#AudiobookReview Heaven, My Home (Highway 59, #2) by Attica Locke

Heaven My HomeAbout the Book

Nine-year-old Levi King knew he should have left for home sooner; now he’s alone in the darkness of vast Caddo Lake, in a boat whose motor just died. A sudden noise distracts him – and all goes dark.

Texas Ranger Darren Matthews is trying to emerge from another kind of darkness; after the events of his previous investigation, his marriage is in a precarious state of rebuilding, and his career and reputation lie in the hands of his mother, who’s never exactly had his best interests at heart. Now she holds the key to his freedom, and she’s not above a little maternal blackmail to press her advantage.

An unlikely possibility of rescue arrives in the form of a case down Highway 59, in a small lakeside town where the local economy thrives on nostalgia for ante-bellum Texas – and some of the era’s racial attitudes still thrive as well. Levi’s disappearance has links to Darren’s last case, and to a wealthy businesswoman, the boy’s grandmother, who seems more concerned about the fate of her business than that of her grandson.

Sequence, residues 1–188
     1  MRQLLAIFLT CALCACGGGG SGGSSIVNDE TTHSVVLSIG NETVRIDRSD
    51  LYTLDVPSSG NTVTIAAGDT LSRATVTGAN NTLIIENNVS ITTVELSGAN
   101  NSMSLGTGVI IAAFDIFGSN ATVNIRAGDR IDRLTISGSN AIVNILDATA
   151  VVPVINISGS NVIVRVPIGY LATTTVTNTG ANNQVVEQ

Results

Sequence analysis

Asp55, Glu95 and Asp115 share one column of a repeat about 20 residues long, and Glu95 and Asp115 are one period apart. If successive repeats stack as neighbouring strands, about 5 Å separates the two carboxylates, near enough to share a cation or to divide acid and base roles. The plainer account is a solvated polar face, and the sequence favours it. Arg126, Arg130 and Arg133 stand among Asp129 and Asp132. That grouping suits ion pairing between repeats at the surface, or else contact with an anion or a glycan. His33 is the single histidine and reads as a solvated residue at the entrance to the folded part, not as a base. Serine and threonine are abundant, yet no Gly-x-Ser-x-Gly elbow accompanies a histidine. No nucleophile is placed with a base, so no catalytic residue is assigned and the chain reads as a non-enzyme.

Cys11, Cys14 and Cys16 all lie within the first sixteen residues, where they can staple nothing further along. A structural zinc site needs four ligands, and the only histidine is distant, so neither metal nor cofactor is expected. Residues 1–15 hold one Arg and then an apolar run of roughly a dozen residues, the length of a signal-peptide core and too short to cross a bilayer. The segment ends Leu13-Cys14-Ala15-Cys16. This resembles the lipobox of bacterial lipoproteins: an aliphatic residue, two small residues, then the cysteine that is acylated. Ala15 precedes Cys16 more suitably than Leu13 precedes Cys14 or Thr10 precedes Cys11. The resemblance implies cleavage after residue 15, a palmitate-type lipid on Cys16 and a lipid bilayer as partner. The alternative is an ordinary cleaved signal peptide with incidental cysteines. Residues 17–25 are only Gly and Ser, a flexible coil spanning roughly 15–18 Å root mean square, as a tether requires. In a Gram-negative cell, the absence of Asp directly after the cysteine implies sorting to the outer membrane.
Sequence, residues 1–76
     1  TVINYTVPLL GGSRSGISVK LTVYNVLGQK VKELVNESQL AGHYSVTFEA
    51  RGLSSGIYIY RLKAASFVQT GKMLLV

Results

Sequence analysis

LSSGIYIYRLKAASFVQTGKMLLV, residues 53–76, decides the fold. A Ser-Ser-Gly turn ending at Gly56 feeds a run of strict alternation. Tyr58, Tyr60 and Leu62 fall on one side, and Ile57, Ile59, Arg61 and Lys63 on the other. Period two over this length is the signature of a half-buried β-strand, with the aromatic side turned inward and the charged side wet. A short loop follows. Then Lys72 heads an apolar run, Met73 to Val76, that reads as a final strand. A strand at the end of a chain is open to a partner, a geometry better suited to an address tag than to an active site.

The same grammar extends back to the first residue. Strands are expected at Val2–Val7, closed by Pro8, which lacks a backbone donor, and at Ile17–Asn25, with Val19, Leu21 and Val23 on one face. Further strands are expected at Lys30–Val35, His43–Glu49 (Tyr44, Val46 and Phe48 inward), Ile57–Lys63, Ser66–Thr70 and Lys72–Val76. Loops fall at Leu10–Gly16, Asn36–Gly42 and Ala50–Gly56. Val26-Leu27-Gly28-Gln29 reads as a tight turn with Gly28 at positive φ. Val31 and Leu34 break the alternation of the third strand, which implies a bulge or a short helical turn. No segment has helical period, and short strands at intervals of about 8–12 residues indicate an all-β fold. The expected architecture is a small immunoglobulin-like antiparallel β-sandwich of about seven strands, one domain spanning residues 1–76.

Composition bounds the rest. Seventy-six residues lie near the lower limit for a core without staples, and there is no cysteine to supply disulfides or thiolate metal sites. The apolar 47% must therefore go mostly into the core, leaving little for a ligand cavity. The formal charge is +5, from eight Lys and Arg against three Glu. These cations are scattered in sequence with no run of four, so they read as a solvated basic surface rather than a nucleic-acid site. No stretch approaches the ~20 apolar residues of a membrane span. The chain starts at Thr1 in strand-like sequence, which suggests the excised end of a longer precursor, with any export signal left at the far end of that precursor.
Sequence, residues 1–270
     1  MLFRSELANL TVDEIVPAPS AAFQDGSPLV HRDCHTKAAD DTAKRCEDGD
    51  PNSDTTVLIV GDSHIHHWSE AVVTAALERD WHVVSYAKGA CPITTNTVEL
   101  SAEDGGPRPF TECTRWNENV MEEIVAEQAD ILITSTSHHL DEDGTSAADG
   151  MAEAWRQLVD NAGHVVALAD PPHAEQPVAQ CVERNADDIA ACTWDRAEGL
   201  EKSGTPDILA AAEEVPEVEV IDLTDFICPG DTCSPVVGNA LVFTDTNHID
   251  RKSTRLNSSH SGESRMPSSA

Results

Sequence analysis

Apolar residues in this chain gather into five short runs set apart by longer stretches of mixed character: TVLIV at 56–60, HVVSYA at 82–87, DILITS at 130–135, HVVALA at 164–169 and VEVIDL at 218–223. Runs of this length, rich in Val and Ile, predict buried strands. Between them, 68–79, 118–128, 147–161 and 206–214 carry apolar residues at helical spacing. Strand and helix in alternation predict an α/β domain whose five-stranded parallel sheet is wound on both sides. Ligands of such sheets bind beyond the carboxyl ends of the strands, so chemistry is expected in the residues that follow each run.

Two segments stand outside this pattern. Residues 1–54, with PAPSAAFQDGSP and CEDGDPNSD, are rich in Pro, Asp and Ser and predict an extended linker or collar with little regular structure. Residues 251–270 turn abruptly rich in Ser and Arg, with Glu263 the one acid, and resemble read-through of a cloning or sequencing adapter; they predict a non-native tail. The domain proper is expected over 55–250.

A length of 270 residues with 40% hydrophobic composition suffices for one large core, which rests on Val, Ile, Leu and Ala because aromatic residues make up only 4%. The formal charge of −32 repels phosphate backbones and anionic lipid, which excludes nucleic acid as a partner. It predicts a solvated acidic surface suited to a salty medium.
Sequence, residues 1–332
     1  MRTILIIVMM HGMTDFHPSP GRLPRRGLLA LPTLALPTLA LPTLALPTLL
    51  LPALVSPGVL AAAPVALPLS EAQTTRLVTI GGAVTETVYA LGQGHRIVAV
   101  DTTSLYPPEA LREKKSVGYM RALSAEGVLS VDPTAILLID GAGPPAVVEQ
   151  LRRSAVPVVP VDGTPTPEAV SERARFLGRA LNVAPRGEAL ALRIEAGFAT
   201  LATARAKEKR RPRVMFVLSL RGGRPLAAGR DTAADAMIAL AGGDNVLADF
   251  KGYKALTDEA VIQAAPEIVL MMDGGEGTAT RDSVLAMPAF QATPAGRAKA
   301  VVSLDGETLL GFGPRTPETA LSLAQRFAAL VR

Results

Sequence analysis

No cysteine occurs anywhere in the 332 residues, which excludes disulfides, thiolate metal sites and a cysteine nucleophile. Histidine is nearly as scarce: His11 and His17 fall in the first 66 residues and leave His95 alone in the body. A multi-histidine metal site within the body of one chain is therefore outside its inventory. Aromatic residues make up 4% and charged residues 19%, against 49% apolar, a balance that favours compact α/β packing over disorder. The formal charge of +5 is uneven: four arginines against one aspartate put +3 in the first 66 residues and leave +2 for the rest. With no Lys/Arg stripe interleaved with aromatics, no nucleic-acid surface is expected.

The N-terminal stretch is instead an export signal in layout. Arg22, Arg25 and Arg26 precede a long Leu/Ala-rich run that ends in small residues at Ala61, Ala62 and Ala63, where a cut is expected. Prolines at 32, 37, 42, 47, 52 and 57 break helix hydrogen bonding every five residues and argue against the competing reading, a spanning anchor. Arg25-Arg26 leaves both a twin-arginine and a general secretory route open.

Darren has to battle centuries-old suspicions and prejudices, as well as threats that have been reignited in the current political climate, as he races to find the boy, and to save himself.

Format: Audiobook (9h 17m)                    Publisher: Serpent’s Tail Audio
Publication date: 12th September 2019 Genre: Crime, Mystery

Find Heaven, My Home (Highway 59 #2) on Goodreads

Purchase links*
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*links provided for convenience, not as part of any affiliate programme


My Review

I was introduced to Attica Locke’s writing through reading her first published crime novel, Black Water Rising, and since then I’ve eagerly consumed its successors, The Cutting Season and Pleasantville. I read and reviewed the first in the author’s new ‘Highway 59’ series, Bluebird, Bluebird in 2017. Heaven, My Home is the follow-up to that book, once again featuring black Texas Ranger, Darren Matthews.

A number of story lines from the previous book are picked up, including Darren’s troubled relationship with his mother, his concern that certain of his past actions may come to light and continuing doubts about the state of his marriage to wife, Lisa. However, there is sufficient recapping for readers who either have not read Bluebird, Bluebird or who have but need a reminder about events in the earlier book.

Darren is a realistically flawed character. Not everything he’s done is right, even where it was with the best of intentions. In this book he faces difficult moral dilemmas again. He possesses a strong sense of justice which fuels his determination to find the missing boy when no-one else besides Levi’s distraught mother seems bothered. Perhaps it’s because the boy reminds him of his younger self. But is there truth in the accusation that his blind spot is his instinct to protect black people accused of crime?